3. Sony, the Japanese consumer electronics company, learned that their manufacturing was producing very limited emissions, as were their transportation activities. For them, far-and-away the largest and opportunity lay in the indirect effect of their end customers using Sony products consuming too much electricity. Sony realized that the best move they could make was to re-engineer their products to be much more energy efficient. Again, the finding was completely unexpected.

Disclosure: The Best Regulator?
     From these stories emerges a possible conclusion. If we focus on reducing emissions caused by what we do every day, might we not be surprised by what ensues? Could it be that simply disclosing what we are learning will modify systems and behaviors in relatively painless ways that will go a long way to remedying our excesses? After all, our current society developed in an era when motor fuel and electricity were, for all intents and purposes, so cheap as to be almost free, and we developed habits that made reasonable sense at the time, but no longer do.
           - Douglas Ayer

A Different Way of Looking at Atmospheric Carbon Dioxide

Almost no doubt remains today in anyone's mind that CO2 is building up in the atmosphere, that this build-up is causing atmospheric warming, and that human activity, especially the burning of fossil fuels, is a major factor in the carbon build-up. Indeed, there now appears to be enough agreement amongst governments around the world for them to begin agreeing upon and implementing measures to mitigate these effects.
     Most of the measures proposed act to reduce greenhouse gas emissions caused by human beings, employing such measures as:

a. Increasing auto efficiency.
b. Removing carbon from coal before using it to generate electricity.
c. Improving household and commercial energy efficiency.
d. Substituting fuel cells for internal combustion engines.
e. "Capping" carbon emissions by law and encouraging trading in carbon credits so the free market will select the best ways to achieve improvements.

These are only a few of the more ambitious proposals. There are many more. And they are mostly worth pursuing, as no single program can possibly achieve the desired outcome.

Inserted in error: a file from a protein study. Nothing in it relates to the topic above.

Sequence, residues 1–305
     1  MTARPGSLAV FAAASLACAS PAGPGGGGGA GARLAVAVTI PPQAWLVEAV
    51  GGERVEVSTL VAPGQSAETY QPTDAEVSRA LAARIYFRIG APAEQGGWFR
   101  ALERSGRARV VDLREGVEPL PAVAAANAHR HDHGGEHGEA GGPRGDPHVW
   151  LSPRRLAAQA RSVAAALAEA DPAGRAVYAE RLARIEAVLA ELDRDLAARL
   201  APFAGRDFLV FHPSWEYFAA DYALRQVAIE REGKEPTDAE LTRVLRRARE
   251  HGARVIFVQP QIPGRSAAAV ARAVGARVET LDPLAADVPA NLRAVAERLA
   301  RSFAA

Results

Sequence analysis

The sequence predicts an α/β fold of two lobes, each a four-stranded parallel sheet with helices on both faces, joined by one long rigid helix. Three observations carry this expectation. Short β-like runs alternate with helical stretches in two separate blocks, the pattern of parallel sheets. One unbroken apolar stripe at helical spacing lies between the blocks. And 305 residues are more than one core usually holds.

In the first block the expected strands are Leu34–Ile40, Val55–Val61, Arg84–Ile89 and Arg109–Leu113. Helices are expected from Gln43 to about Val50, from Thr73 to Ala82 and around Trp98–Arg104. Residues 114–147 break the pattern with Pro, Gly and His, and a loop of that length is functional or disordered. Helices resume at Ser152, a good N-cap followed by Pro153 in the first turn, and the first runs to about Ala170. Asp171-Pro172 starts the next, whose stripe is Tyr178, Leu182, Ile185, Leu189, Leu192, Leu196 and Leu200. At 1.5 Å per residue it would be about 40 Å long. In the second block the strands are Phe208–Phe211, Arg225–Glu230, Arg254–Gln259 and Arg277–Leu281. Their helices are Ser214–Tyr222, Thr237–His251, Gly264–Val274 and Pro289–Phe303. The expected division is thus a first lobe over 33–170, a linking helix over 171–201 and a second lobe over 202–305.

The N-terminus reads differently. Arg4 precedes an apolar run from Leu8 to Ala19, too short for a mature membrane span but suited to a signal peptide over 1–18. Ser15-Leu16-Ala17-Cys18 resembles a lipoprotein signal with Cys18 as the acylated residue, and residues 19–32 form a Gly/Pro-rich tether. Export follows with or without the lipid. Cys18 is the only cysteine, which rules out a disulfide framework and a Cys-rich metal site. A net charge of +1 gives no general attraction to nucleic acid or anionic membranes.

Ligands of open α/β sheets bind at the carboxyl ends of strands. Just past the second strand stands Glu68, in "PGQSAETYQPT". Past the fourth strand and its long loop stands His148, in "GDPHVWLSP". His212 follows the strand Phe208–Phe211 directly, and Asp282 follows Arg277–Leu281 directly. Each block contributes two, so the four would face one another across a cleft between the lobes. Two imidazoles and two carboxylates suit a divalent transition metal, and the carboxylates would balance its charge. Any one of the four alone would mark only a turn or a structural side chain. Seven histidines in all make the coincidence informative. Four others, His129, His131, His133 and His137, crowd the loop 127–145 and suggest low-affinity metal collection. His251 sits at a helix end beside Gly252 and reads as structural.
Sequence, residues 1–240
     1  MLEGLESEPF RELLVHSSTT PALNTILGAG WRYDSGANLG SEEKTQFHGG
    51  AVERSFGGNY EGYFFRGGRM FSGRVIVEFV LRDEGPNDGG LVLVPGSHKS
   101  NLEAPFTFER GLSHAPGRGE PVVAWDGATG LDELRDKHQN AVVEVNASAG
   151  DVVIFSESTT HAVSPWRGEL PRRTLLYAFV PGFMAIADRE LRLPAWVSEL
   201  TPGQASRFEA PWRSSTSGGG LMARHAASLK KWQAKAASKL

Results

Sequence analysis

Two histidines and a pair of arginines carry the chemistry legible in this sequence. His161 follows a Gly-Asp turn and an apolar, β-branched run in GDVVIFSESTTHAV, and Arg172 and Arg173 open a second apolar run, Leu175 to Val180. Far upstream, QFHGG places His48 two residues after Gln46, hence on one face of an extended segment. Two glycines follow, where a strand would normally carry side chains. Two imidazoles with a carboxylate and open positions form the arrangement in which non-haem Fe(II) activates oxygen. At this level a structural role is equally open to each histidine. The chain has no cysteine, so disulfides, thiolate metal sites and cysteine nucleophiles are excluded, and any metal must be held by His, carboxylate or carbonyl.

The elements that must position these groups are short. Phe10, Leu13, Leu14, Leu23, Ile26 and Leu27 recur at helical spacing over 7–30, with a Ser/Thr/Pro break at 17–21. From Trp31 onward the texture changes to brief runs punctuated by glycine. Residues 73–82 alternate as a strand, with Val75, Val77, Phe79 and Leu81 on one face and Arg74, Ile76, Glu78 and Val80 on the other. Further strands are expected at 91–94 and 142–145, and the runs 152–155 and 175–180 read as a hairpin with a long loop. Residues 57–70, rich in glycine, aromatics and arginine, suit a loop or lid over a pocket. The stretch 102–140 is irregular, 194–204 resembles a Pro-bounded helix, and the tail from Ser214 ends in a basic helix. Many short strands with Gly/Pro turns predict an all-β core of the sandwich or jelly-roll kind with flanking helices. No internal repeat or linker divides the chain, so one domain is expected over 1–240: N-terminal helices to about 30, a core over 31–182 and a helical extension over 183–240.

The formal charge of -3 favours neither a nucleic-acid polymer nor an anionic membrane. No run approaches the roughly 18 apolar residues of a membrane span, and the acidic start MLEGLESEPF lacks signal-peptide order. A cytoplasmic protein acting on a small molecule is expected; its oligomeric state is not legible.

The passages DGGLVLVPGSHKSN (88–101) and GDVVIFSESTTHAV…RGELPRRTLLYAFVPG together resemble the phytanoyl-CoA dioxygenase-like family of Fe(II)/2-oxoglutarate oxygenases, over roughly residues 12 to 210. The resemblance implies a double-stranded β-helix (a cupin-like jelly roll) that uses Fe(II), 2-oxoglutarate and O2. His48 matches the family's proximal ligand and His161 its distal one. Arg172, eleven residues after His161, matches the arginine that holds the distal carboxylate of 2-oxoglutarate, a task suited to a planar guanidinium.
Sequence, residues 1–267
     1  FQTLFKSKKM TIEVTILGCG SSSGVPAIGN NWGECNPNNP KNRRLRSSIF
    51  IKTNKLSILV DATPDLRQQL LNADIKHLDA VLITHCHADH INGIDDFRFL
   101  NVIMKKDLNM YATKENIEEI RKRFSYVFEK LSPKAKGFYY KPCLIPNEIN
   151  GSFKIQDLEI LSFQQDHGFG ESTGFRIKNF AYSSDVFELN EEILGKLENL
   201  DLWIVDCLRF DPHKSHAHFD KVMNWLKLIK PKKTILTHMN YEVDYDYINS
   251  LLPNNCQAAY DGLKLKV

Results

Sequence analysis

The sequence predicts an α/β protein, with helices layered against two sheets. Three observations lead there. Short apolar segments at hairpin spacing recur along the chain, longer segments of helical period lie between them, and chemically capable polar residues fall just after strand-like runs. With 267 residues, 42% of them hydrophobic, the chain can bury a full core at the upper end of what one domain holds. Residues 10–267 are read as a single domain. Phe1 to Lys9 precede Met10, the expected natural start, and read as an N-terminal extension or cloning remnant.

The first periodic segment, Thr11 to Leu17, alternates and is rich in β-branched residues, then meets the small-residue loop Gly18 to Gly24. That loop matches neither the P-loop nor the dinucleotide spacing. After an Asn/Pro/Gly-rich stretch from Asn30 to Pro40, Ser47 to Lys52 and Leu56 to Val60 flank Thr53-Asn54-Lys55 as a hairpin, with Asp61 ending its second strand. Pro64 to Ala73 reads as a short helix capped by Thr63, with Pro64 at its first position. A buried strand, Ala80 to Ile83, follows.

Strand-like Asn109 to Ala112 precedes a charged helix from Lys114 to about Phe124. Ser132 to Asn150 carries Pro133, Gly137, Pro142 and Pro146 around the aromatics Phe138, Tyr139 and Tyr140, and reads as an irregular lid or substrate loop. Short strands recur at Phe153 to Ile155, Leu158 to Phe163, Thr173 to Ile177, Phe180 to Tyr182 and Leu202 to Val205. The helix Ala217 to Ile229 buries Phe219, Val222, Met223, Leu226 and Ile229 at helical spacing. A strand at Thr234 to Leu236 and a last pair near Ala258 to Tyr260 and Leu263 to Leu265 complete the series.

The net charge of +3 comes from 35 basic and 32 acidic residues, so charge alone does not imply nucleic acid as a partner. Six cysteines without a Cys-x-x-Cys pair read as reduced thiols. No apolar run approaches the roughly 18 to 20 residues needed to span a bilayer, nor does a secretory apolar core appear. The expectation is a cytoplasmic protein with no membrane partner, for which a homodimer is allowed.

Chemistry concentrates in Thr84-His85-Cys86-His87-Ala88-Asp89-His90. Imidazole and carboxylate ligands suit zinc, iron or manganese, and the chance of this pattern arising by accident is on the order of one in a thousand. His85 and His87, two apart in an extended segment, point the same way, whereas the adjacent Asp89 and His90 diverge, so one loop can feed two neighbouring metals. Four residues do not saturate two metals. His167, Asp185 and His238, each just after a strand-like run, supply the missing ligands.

Some efforts encourage planting trees to increase absorption of CO2, rather than reducing its emission. But few participants in the discussion offer a full perspective on this approach, partly (we suspect) to keep human beings focused on what they can and should do themselves.
     For a change, here is a "macroscopic" look at the biosphere's CO2 and its capacity to help out:

1. Global energy emissions are in the area of 8 billion tons of CO2 per year
2. The terrestrial biosphere emits about 100 billion tons and absorbs about 103 billion tons of CO2 each year, absorbing 3 billion tons, net.
3. The oceans also emit and absorb billions of tons of CO2 per year, with a net absorption of about 3 billion tons.
4. Thus the net annual increase in the atmosphere amounts to about 2 billions tons.

These data beg the following question: is it easier to change the balance of the terrestrial biosphere by 4 per cent OR to cut global energy-related emissions by 50 per cent? Changing the ocean's ability to absorb more carbon is another possibility. Of course, no need to pick one or the other, but increasing absorption clearly has to be considered as a possible major contributor to solving the problem.
     Biologists are working hard to develop plants whose capacity for capturing carbon from the atmosphere is genetically improved. And burning sections of the rain forest is being recognized as offering very little usable land when compared to the atmospheric damage it causes. If we humans can find and use genes that will conquer cancer, surely we can develop and grow plants that will help us redress the imbalance caused by fossil fuel consumption.
     And the ocean, which we know suffers from acidification and coral reef losses when it absorbs CO2, is also capable, with human intervention, of harboring greatly increased biomass to perform photosynthesis (absorb carbon). Such microorganisms, in addition to fighting acidification, will produce more edible food for larger sea creatures, potentially enhancing food sources for human beings.